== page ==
Insider Intel: Santa Barbara
With its Mediterranean climate, Spanish Colonial architecture and SoCal lifestyle, Santa Barbara — aka “America’s Riviera” — is a magnet for travelers looking for a change of pace and scenery. Here, a roundup of the food, shopping and cultural offerings that make Santa Barbara well worth a visit.
To truly understand and enjoy Santa Barbara’s eclectic present, you have to know a bit about its past. The Native American Chumash were the first modern-day inhabitants of Santa Barbara. They lived on fish and wild plants and are known to have been skilled artisans, creating complex tools, elaborate basketry and ocean-faring canoes considered the most advanced of their time. (Tip: You can learn more about this history and see artifacts on view at the Chumash Cultural Exhibit, a permanent exhibition at The Ritz-Carlton Bacara, Santa Barbara; it was entirely developed and designed by artists and experts of Chumash descent.) By the 18th century, Spanish settlers had arrived and given Santa Barbara its name and what would become its signature architectural style.
The area remained a sparsely populated beach town until 1901, when the railroad connected the city to San Francisco. The next 100 years saw Santa Barbara evolve from a Victorian-era resort town to the center of the American movie industry (Flying A Studios, the first major movie studio in the country, opened in 1912 and produced thousands of silent films during its six-year run) to an oil town (it’s the location of the world’s first offshore oil well) to, finally, the eclectic beachside respite it’s known as today.
Even the most casual sightseer will want to take in the stunning architecture of Mission Santa Barbara, which was founded in 1786 and rebuilt after a devastating earthquake in 1812. The California missions were erected by Spanish colonists looking to convert the native peoples, and while that work has long since been abandoned, Mission Santa Barbara still houses a Franciscan order and a museum that displays artifacts, crafts and tools of the native Chumash. 805-682-4713; santabarbaramission.org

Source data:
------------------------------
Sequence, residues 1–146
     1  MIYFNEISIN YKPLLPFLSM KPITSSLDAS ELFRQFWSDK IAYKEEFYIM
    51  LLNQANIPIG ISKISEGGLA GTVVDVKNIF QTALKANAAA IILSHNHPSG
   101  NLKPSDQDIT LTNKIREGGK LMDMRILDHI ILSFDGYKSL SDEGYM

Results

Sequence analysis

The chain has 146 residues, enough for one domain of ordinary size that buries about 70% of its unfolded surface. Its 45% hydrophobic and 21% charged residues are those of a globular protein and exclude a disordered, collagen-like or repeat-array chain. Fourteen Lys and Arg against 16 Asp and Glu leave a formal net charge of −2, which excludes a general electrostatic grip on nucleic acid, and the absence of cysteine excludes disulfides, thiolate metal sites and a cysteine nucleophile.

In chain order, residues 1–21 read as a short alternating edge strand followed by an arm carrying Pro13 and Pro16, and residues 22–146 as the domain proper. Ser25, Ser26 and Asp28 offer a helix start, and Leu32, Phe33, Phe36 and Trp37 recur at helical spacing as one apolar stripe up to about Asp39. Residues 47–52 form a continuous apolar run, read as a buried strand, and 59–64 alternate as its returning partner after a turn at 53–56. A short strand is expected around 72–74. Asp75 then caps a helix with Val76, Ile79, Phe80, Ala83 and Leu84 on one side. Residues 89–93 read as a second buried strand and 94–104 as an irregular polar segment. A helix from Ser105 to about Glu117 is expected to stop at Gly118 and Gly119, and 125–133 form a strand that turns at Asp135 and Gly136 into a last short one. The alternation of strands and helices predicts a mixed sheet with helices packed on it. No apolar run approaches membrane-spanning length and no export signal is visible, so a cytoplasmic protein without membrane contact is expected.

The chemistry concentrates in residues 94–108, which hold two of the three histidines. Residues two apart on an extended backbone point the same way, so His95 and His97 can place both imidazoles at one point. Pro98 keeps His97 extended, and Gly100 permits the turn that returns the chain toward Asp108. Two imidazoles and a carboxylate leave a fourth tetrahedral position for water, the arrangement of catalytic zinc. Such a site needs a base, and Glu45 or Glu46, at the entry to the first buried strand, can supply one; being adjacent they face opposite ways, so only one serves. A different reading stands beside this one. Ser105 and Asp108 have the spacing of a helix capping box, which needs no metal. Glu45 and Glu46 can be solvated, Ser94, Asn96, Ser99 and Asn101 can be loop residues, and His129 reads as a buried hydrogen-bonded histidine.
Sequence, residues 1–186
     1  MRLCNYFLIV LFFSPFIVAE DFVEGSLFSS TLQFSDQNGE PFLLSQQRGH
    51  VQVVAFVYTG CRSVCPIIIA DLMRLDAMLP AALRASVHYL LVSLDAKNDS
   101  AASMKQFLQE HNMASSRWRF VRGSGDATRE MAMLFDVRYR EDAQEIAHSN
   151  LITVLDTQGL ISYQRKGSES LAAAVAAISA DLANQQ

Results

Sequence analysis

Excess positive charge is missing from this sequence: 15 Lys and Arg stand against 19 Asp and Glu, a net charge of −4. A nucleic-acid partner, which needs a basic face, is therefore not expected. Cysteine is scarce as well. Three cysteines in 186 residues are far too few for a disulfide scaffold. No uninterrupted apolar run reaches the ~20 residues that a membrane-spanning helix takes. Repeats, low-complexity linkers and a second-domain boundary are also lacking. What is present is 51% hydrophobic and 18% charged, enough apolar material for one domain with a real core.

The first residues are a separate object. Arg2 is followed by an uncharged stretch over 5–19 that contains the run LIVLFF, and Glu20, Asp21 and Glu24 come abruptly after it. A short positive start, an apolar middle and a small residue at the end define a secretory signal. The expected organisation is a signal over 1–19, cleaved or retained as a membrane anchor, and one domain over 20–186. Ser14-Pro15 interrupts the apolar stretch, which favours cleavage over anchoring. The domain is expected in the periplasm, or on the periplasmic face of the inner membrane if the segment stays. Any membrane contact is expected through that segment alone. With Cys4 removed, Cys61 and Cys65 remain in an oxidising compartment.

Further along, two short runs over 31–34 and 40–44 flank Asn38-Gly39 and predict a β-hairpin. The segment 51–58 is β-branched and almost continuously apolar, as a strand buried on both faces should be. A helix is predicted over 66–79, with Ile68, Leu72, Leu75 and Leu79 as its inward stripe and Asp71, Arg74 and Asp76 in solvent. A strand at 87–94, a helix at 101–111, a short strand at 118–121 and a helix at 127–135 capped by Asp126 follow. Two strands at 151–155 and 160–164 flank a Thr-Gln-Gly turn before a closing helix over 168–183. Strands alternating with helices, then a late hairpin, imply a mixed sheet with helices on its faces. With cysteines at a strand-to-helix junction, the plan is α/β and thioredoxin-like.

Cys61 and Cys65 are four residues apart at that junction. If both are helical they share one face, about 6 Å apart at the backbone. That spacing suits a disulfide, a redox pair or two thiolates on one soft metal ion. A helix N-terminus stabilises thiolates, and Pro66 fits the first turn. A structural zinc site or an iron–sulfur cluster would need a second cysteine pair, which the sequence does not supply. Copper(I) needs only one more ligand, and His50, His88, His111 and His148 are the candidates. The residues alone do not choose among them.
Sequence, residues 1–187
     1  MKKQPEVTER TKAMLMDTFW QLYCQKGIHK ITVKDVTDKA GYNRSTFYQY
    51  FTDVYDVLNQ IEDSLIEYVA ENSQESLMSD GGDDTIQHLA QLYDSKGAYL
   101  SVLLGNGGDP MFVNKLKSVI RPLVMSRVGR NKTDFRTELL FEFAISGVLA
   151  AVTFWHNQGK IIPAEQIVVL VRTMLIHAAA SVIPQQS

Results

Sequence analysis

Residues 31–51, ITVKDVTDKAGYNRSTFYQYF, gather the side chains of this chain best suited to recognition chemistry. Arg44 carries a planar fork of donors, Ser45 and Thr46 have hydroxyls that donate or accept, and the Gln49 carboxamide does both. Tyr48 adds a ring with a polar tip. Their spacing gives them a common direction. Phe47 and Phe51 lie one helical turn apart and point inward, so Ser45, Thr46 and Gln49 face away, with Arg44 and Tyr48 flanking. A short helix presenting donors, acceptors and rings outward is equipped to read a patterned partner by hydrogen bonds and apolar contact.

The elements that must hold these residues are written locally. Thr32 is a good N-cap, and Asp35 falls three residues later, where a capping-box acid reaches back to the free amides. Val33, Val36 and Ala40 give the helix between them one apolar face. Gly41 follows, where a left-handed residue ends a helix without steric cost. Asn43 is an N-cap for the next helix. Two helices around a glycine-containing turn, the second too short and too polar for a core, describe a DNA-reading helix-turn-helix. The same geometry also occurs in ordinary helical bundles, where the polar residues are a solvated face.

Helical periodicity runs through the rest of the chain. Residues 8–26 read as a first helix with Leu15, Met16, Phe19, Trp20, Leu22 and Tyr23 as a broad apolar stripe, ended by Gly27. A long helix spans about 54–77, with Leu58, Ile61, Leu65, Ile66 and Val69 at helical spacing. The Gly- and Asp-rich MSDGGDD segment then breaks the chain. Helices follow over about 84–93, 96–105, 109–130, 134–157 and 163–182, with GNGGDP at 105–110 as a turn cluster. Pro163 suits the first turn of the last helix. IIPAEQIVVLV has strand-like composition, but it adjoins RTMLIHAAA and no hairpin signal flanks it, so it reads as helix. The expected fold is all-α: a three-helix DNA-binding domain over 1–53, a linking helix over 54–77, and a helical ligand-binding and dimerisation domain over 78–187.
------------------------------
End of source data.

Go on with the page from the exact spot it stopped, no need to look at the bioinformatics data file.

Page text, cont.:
The Santa Barbara Botanic Garden is open seven days a week, offering views of the Santa Ynez Mountains, which bound the city along its eastern edge and help to create the area’s distinctive climate. The garden is a 78-acre tribute to California’s biodiversity. 805-682-4726; sbbg.org
Nature lovers will also want to make time to explore Ganna Walska Lotusland in nearby Montecito, which includes a stunning aloe garden (home to 140 types of aloe), citrus orchards, beautifully sculpted topiaries and a succulent garden. 805-969-9990; lotusland.org
An eclectic mix of restaurants — from high-end eateries to casual spots — keeps the dining scene in Santa Barbara exciting. For example, Bibi Ji takes a refined approach to carefully prepared Indian cuisine and features an extensive wine list courtesy of James Beard Award-winner Rajat Parr. Among the artfully presented plates are Thali (curry platter) and Uni Biryani (served in an actual sea urchin). 805-560-6845; bibijisb.com
With its white-washed interiors, marble tabletops and hanging planters, Smithy Kitchen + Bar is a Mediterranean escape with a menu to match (think burrata with peas and preserved lemon or flatbread with chèvre, coal-roasted leeks, pancetta and romesco). If the alfresco spirit takes you, grab a table in the expansive outdoor area, which is surrounded by olive trees. 805-845-7112; smithysb.com
Forty minutes from the downtown area is Mattei’s Tavern, which is located in the town of Los Olivos and situated in a landmarked two-story wooden building that dates back to 1886. It’s a local institution that has just reopened, serving up steakhouse classics and a crowd-pleasing mud pie (with coffee ice cream and house-made caramel) for dessert. 805-729-2857; matteistavern.com